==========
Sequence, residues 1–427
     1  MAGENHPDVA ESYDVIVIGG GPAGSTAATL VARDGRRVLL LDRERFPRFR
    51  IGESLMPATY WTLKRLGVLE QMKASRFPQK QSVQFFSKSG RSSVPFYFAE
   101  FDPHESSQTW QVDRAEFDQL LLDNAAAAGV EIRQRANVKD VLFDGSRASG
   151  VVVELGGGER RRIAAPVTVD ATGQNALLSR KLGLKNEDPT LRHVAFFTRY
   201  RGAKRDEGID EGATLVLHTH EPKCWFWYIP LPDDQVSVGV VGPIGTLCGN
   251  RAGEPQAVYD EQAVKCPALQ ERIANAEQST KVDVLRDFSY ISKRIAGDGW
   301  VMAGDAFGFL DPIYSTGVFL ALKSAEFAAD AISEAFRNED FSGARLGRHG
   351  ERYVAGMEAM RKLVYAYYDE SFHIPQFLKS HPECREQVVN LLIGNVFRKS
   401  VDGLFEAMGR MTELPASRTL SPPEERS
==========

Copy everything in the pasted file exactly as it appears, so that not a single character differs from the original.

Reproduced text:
Sequence, residues 1–427
     1  MAGENHPDVA ESYDVIVIGG GPAGSTAATL VARDGRRVLL LDRERFPRFR
    51  IGESLMPATY WTLKRLGVLE QMKASRFPQK QSVQFFSKSG RSSVPFYFAE
   101  FDPHESSQTW QVDRAEFDQL LLDNAAAAGV EIRQRANVKD VLFDGSRASG
   151  VVVELGGGER RRIAAPVTVD ATGQNALLSR KLGLKNEDPT LRHVAFFTRY
   201  RGAKRDEGID EGATLVLHTH EPKCWFWYIP LPDDQVSVGV VGPIGTLCGN
   251  RAGEPQAVYD EQAVKCPALQ ERIANAEQST KVDVLRDFSY ISKRIAGDGW
   301  VMAGDAFGFL DPIYSTGVFL ALKSAEFAAD AISEAFRNED FSGARLGRHG
   351  ERYVAGMEAM RKLVYAYYDE SFHIPQFLKS HPECREQVVN LLIGNVFRKS
   401  VDGLFEAMGR MTELPASRTL SPPEERS